The band is RippleGroove, the album is Under the Microscope.

Interview w/ Philly Metro

Jazz or Jam Band? You Decide.

Written by Shaun Brady in the August 2nd edition of the Philadelphia Metro

The three members of Ripplegroove met at school in Boston, sought their fortunes in San Diego and finally relocated to the proving grounds of NYC. That schizophrenic bicoastal existence is reflected on their debut CD, "Under the Microscope," which is part funky West Coast rock band and part tight East Coast jazz trio. Ripplegroove's keyboardist, Joe Hanley, discusses striking the balance.

Your music seems to strive to split the difference between jazz and jam bands. How would you describe your approach?
Our approach is pretty natural. We're not trying to hit that middle point consciously. We grew up listening to rock, funk and hiphop and then studied jazz at Berklee. So when it came time to start writing music, this is what came out.

Your compositions are more riff and groove-oriented than traditional jazz, but your solos are more concise than more rock-based jam bands. Is there a conscious attempt to focus your solos?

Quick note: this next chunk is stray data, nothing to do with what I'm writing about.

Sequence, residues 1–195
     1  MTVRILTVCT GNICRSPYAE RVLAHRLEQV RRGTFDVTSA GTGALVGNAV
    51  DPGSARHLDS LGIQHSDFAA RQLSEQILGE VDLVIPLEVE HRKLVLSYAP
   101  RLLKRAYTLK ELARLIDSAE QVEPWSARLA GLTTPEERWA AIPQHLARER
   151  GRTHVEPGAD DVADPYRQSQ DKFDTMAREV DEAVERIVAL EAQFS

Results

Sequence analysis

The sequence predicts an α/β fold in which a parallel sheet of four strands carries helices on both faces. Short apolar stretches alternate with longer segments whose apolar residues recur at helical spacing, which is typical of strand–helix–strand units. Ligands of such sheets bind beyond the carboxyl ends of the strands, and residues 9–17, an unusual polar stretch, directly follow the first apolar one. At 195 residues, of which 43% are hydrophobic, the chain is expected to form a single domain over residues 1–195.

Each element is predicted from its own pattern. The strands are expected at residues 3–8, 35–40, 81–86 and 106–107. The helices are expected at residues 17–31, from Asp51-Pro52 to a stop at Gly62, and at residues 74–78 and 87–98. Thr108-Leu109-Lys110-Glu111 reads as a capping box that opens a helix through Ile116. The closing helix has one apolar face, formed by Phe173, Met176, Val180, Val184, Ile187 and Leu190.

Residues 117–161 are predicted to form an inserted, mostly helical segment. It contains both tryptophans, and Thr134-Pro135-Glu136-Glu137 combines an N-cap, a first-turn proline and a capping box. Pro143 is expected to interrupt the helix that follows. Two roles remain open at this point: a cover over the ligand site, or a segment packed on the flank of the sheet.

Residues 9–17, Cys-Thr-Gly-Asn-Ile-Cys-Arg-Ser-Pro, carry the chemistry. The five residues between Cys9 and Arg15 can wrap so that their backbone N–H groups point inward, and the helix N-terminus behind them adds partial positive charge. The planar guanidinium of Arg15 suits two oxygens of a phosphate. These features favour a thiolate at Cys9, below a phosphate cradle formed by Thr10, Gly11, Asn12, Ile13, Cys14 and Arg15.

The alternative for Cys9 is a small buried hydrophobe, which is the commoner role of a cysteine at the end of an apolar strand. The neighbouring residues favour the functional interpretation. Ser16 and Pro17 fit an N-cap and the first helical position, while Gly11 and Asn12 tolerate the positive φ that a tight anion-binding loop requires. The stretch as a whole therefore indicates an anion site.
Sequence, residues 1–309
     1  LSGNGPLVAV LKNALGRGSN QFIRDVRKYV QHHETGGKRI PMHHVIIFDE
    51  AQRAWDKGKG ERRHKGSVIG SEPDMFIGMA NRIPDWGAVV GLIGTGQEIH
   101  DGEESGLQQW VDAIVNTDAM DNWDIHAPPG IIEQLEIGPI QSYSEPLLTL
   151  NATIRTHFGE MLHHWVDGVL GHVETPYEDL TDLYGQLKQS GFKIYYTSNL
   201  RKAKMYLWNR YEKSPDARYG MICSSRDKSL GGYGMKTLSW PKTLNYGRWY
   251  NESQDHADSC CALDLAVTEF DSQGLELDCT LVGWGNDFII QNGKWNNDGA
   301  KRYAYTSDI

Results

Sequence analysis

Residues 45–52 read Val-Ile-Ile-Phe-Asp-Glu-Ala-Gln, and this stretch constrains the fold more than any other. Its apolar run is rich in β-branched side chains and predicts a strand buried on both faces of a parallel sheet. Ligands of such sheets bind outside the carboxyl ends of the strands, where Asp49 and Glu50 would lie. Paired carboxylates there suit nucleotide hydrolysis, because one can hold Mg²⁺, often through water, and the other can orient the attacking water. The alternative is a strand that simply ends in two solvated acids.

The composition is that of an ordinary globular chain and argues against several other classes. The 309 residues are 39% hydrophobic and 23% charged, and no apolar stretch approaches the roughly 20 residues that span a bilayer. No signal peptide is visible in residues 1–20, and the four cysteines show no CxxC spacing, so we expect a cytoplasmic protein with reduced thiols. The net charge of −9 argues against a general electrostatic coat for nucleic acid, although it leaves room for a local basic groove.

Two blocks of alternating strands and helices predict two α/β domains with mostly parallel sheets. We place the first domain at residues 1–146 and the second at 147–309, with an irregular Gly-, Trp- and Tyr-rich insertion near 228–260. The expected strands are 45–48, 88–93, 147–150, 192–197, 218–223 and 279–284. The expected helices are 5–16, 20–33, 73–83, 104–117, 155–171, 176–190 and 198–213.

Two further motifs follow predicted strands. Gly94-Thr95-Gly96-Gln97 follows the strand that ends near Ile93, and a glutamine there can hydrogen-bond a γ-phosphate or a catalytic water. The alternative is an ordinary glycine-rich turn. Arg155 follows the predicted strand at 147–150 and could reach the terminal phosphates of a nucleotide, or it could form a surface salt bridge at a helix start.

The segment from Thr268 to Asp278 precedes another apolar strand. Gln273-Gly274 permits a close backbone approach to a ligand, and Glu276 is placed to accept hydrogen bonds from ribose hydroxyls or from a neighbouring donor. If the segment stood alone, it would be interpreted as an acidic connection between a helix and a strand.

A lot of jam bands go on and on with nothing to say in their solos. It's almost like they're noodling for 20 minutes. We did not want that. We like to develop ideas and build a solo into a climax, and then the band goes somewhere else. If that takes one minute or 20 minutes, so be it. We let the quality and the natural flow of the solo dictate the length and focus.

Do you feel this dual personality has hurt you in finding a niche?
No. The thing is, genres don't really exist. They're created to classify music so that people can communicate on a verbal level about the bands and artists they hear. So in reality, we aren't a middle road or hybrid of anything.

Jazz sometimes takes itself a little seriously - with song titles like "Magnum PI" and "Dance, Bitches," were you trying to shake that up a bit?
That's just how we are. We never really take ourselves too seriously. We write and play to the best of our abilities with the maximum amount of integrity we can muster but, at the same time, laugh at every mistake we make onstage.